double glazing door locks beware

  sunnystaines 16:02 17 Aug 2010

click here

after reading the link watch the short video clip to see how easy it is to gain entry.

just had a new double glazed door rang them this morning and I am ok but are you.

  birdface 16:18 17 Aug 2010

Not going to try it to find out.
But I fear the worst.

  BT 16:26 17 Aug 2010

This is well known.
QVC had some stuff a while back that you put in the cylinder but they don't appear to have it in stock at the moment. It was a kind of oil based material that prevented the pins from bouncing when someone tried to bump the lock. Can't remember the name unfortunately.

However there are anti bumping replacement cylinders available if you are worried.

click here

  jack 16:56 17 Aug 2010

A typical home will have three such doors
Front/ Back and French or Patio.
All with the familiar 'lift the handle to drop the claws and cylinder lock.
This lock can be locked from inside or out.
But it cannot be unlocked if a key is in the lock on the opposite side.

So when leaving home lock the back doors and leave the inside key in.
Make sure how ever you take the front with you and of course leave any key out on the inside.
This means the front mostly in full view is 'jumpable'
But the rear doors will not be jumpable and will have to be smashed to get in.
Just a time delay /noise making tactic.

  BT 17:18 17 Aug 2010

Its called PickBuster

click here

  wee eddie 17:27 17 Aug 2010

However that video is weird, I mean, why should having a child make any difference. No thief, in his right mind, is going to steal a child, it ain't worth it and anyway you're there. It's just trying to create hysteria.

I have to admit that, as far as I know, gaining entry to most houses is just a matter of timing. Almost all locks are pick-able, given the right equipment, which the professional thief will make sure that he has.

Most thieves go for easy access, most of us give them it, leaving doors and windows open and with spare keys in obvious places.

It's a storm in a tea cup!

  Forum Editor 17:47 17 Aug 2010

says that 90% of doors in the UK and Europe are fitted with these 'bumpable' locks. I must have spent my life in buildings that have the other 10% of locks, because I've never seen an external door secured with that type of lock.

  PalaeoBill 20:16 17 Aug 2010

This really is old news. I fitted anti-bump/anti-snap locks onto our house and my mother-in-laws several years ago. It didn't stop her being burgled though. The thieves took a hole saw to the UPVC door and unlatched the exposed mechanism. As wee eddie says, thieves will find a way. They found a much quicker way to get into my office, they threw a block of concrete through the door taking out the bottom panel.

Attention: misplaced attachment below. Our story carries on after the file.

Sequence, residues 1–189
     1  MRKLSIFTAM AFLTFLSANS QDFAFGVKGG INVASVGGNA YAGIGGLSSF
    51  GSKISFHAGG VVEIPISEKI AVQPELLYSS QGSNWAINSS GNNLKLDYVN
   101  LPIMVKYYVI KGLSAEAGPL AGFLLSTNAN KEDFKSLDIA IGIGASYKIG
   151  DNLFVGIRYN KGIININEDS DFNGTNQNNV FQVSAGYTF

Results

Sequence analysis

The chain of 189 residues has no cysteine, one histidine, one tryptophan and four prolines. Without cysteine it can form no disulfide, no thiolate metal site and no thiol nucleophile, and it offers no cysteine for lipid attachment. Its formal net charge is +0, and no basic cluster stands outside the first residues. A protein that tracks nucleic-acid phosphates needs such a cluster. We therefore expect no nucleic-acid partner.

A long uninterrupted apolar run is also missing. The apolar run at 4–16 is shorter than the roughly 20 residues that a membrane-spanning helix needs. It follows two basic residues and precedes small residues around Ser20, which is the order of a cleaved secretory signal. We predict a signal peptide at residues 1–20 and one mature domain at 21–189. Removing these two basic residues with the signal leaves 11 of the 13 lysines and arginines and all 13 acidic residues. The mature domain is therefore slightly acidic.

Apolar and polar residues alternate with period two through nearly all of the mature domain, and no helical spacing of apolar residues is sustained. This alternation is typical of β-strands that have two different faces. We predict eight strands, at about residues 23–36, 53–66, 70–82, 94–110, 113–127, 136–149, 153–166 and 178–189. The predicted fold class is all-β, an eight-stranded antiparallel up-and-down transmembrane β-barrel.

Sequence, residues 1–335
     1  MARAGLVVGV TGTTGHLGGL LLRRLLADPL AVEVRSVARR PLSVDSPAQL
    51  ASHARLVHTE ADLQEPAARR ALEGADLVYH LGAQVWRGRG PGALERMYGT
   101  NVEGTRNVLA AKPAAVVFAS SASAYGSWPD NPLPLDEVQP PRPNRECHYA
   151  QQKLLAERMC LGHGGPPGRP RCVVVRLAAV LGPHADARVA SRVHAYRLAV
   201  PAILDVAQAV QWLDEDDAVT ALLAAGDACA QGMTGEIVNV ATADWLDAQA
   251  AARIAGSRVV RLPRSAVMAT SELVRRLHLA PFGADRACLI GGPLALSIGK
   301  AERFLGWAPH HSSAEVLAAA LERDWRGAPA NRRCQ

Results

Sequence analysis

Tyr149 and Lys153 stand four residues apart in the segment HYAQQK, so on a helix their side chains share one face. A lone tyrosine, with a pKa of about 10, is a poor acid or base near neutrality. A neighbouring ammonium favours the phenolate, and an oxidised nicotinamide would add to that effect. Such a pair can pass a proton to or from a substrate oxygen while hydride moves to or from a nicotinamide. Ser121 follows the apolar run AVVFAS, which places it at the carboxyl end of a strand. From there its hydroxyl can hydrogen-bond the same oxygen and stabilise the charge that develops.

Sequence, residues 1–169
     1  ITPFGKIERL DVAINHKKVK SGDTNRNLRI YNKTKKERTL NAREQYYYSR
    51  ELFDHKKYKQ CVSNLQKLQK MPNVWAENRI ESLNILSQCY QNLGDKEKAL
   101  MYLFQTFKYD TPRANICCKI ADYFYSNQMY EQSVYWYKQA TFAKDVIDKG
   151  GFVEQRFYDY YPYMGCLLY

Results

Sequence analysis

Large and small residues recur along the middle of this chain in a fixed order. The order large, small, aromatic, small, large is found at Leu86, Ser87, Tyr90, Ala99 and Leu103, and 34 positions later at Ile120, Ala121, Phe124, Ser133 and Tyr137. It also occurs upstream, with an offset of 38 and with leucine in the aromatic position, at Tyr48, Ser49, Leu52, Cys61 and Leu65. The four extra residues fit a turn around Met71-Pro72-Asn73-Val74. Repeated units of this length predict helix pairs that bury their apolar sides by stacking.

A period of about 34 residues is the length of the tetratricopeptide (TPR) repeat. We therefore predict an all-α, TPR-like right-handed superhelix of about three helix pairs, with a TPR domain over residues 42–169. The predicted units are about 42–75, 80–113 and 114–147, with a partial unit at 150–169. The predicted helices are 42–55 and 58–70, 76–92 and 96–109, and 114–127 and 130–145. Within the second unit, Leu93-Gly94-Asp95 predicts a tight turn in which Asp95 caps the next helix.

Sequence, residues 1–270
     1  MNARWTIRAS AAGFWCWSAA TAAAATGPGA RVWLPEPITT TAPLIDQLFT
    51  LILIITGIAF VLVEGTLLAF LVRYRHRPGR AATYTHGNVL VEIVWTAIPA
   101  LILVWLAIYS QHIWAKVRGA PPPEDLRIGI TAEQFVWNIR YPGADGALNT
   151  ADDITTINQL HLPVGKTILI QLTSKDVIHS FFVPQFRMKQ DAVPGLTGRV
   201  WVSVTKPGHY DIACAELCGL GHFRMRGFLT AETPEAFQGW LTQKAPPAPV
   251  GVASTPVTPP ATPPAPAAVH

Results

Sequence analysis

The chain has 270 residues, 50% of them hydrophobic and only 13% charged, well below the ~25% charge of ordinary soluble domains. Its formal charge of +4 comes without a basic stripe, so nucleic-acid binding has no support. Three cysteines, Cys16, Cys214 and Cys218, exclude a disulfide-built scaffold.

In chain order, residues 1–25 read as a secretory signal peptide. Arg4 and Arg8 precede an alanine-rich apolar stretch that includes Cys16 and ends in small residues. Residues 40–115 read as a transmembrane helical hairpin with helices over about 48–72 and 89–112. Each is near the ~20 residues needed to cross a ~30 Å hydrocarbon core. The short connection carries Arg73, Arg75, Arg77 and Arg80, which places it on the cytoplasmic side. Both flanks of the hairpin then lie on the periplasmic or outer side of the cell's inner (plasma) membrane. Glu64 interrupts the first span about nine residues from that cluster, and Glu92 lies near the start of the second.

wee eddie 21:38 17 Aug 2010

Once upon a time, a young lady, who had previously shared my flat in Chelsea, in the mid 70’s, fell in love with a young gentleman of immense wealth. His father disapproved of the Match but they were so in love that they thought little of it.

He took her to India, where they visited the Taj Mahal, there, in the moonlight, he proposed to her and she accepted. I met him; he was charming as well as very rich.

Later they visited a place where they were able, with suitable proper advice on hand, to view some raw stones. They purchased several Stones and flew off to Amsterdam. Where, apart from visiting several places of interest and dining in the best of the local hostelries, they watched the Stones being cut and polished.

On their return to London, they wandered down Bond Street and into Asprey’s where they presented the stones to one of the Specialists, who designed a ring for her using the stones. I do not know if they watched the ring being made and I believe that there were two rings, a His and a Her’s as it were, but I don’t know.

Later, Father’s will prevailed and the Engagement was broken off, but there was no question of the Ring being returned. Nor was it ever asked for.

By now the young lady had traded up from us, in Chelsea, which was bohemian and somewhat outré, to a rather smart Mansion House Flat in Belgravia, where there was a Porter, on duty at all times, who had a list of acceptable Visitors.

One evening the Flat was broken into, which was not an easy option as the door was Triple Locked and very stout.

However, the burglars had not bothered about the Locks, they had brought with them two pieces of timber and a couple of Car Jacks and they had used these, placed across the Passage way, to push the Door Frame in.

Only the Ring, a couple of letters and some photos were taken.

The moral of this: it doesn’t matter how good your security is, if the haul is sufficient, the professional burglar will bring the necessary tools to do the job

  ridicle 22:36 17 Aug 2010

does that include Yale locks and union locks, I remember my parent home had a union lock under council ownership when they paid rent before they brought it.

The Union key could be cut any lock smith, My brother changed the lock because the key could,not be cut by any lock smith including union themselves.

  ridicle 22:39 17 Aug 2010

What happened to that gizmo's from the states that the police use to open doors, I think it was called key gizmo, you put the device into a lock and and press a lever and the gizmo opens the lock.

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